As energetic and optimistic as its subject, this James Cagney bio-musical is fizzy fun with just enough seriousness to make it a satisfying tribute to the pugnacious movie star. The show is above all a vehicle for Robert Creighton, who physically resembles Cagney, and who – more importantly – shares Cagney’s charisma and fleeted-footed dancing ability.
Creighton also wrote a handful of songs in the show’s score, showing a gift for doing pastiches of corny 1920s vaudeville, the milieu where Cagney got his show-biz start. The remainder of the business-like score is mostly by Christopher McGovern. The climaxes of both acts are nearly century-old production numbers composed by George M. Cohan, who Cagney played in the 1941 movie musical Yankee Doodle Dandy.
Director Bill Castellino keeps the show moving at a sprightly clip. The creative team in general have made the smart decision to emphasize the singing and dancing hoofer Cagney over the silver screen tough guy. For one thing, that’s the way Cagney himself would have wanted it – he hated being typecast as a gangster – and for another, more singing and dancing is obviously going to make a more entertaining musical.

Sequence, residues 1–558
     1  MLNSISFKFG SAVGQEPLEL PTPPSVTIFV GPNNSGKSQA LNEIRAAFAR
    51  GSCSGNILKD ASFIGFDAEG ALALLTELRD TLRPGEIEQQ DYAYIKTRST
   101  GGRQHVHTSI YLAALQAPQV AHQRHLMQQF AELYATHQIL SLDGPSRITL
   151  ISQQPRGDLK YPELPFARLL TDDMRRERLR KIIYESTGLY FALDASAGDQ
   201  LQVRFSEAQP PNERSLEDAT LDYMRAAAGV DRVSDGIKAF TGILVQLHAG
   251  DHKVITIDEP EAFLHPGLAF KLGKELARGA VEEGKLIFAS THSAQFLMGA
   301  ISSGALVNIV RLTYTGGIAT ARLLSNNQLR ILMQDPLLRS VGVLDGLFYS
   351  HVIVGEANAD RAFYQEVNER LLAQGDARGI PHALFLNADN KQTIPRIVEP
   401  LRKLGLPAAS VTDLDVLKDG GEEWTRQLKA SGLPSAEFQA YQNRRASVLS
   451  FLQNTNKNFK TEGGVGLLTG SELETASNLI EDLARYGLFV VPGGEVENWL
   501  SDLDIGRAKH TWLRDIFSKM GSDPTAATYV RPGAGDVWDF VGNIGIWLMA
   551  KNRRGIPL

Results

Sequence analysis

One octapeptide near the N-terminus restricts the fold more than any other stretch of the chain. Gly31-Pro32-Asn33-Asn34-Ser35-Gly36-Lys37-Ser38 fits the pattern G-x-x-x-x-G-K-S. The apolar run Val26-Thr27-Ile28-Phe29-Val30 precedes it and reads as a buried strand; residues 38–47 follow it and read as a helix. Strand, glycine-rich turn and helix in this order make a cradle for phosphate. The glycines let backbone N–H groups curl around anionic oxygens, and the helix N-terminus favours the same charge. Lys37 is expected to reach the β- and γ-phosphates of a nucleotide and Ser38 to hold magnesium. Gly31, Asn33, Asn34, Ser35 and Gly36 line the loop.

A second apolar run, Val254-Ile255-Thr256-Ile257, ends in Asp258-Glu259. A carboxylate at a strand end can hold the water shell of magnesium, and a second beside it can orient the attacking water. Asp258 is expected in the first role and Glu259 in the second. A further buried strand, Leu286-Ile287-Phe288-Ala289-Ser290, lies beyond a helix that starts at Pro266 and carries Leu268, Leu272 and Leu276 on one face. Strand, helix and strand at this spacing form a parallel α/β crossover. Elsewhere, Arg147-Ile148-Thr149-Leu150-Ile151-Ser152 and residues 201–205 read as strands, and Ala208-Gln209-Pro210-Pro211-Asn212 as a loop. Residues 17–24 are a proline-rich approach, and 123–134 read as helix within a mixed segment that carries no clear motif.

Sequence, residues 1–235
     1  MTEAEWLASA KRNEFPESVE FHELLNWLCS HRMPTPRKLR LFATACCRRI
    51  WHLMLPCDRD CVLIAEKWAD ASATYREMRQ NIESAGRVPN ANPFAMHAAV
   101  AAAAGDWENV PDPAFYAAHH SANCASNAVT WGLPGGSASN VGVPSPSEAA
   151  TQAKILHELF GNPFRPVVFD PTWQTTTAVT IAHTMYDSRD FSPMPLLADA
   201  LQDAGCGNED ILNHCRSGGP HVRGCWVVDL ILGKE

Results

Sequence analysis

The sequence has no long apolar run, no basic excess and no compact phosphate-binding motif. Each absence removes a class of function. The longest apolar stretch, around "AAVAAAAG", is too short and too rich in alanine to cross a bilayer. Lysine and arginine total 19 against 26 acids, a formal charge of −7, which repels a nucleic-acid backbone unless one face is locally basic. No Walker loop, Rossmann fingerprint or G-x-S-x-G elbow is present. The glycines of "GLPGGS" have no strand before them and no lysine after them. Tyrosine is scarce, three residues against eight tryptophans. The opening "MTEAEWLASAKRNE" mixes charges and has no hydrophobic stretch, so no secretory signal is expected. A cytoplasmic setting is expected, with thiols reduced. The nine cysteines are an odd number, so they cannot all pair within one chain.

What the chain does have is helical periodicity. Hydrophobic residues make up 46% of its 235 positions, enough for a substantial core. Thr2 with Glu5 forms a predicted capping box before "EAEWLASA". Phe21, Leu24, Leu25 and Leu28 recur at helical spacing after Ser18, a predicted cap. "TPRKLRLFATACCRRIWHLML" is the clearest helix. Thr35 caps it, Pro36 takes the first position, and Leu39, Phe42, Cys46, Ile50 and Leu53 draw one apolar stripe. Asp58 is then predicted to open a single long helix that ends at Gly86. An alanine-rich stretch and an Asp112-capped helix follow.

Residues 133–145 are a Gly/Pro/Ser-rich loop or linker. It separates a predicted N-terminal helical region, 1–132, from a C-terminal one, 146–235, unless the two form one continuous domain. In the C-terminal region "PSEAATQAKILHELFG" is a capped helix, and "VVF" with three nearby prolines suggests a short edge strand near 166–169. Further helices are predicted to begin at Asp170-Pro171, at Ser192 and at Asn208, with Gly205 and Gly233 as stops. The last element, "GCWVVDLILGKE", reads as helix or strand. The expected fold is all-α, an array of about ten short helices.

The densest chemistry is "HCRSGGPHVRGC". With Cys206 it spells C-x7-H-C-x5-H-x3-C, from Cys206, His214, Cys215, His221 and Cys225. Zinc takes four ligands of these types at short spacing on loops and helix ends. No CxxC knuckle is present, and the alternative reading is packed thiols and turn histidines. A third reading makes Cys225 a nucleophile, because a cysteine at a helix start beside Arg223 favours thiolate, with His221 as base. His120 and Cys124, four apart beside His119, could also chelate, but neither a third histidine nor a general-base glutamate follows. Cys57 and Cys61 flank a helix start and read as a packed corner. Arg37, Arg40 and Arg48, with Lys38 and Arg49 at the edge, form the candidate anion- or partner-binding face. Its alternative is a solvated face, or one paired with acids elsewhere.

Which brings us to the choreography of Joshua Bergasse, which elevates the evening from fun to truly fabulous entertainment. Of course Cagney/Cohan-style tap dance “hoofing” is the order of the day, and the routines Bergasse gives the cast are truly riveting.
Sometimes I feel bookwriter Peter Colley setting up a scene for no other reason than requiring the character’s to tap dance – a cordial competition between Cagney and his friend Bob Hope (Jeremy Benton) springs to mind. But as long as the ensuing number is as exciting as these are, frankly I don’t give a damn. Recommended.
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To learn about Jonathan Warman’s directing work, see jonathanwarman.com.